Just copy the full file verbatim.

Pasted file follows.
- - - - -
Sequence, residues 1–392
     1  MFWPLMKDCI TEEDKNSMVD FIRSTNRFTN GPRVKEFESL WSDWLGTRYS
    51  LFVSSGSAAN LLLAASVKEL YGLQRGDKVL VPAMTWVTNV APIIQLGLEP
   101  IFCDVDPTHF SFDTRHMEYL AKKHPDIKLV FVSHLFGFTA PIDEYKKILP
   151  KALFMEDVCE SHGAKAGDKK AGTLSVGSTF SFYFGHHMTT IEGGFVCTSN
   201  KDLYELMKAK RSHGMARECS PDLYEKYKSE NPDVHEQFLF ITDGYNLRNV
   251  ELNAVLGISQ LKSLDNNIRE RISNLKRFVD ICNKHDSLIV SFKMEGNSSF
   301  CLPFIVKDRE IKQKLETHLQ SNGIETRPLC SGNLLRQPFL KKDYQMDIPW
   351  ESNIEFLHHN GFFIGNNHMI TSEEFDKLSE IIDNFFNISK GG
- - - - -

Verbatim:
Sequence, residues 1–392
     1  MFWPLMKDCI TEEDKNSMVD FIRSTNRFTN GPRVKEFESL WSDWLGTRYS
    51  LFVSSGSAAN LLLAASVKEL YGLQRGDKVL VPAMTWVTNV APIIQLGLEP
   101  IFCDVDPTHF SFDTRHMEYL AKKHPDIKLV FVSHLFGFTA PIDEYKKILP
   151  KALFMEDVCE SHGAKAGDKK AGTLSVGSTF SFYFGHHMTT IEGGFVCTSN
   201  KDLYELMKAK RSHGMARECS PDLYEKYKSE NPDVHEQFLF ITDGYNLRNV
   251  ELNAVLGISQ LKSLDNNIRE RISNLKRFVD ICNKHDSLIV SFKMEGNSSF
   301  CLPFIVKDRE IKQKLETHLQ SNGIETRPLC SGNLLRQPFL KKDYQMDIPW
   351  ESNIEFLHHN GFFIGNNHMI TSEEFDKLSE IIDNFFNISK GG